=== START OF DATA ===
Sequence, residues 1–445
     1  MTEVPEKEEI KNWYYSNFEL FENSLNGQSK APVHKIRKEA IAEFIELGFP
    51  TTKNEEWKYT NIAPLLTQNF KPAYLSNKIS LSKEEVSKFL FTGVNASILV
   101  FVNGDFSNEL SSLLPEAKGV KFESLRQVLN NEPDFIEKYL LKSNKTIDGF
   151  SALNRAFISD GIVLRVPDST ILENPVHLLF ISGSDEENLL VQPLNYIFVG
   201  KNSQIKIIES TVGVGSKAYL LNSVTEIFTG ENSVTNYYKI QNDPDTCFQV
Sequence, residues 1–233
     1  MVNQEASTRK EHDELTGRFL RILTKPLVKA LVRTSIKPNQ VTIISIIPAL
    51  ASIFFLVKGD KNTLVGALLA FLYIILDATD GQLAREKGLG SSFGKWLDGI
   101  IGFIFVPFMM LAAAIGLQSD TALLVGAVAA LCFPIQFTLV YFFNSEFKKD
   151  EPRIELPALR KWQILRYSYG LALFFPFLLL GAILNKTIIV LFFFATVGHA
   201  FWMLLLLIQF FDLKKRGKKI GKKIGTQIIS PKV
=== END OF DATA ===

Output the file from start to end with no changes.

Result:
Sequence, residues 1–445
     1  MTEVPEKEEI KNWYYSNFEL FENSLNGQSK APVHKIRKEA IAEFIELGFP
    51  TTKNEEWKYT NIAPLLTQNF KPAYLSNKIS LSKEEVSKFL FTGVNASILV
   101  FVNGDFSNEL SSLLPEAKGV KFESLRQVLN NEPDFIEKYL LKSNKTIDGF
   151  SALNRAFISD GIVLRVPDST ILENPVHLLF ISGSDEENLL VQPLNYIFVG
   201  KNSQIKIIES TVGVGSKAYL LNSVTEIFTG ENSVTNYYKI QNDPDTCFQV
Sequence, residues 1–233
     1  MVNQEASTRK EHDELTGRFL RILTKPLVKA LVRTSIKPNQ VTIISIIPAL
    51  ASIFFLVKGD KNTLVGALLA FLYIILDATD GQLAREKGLG SSFGKWLDGI
   101  IGFIFVPFMM LAAAIGLQSD TALLVGAVAA LCFPIQFTLV YFFNSEFKKD
   151  EPRIELPALR KWQILRYSYG LALFFPFLLL GAILNKTIIV LFFFATVGHA
   201  FWMLLLLIQF FDLKKRGKKI GKKIGTQIIS PKV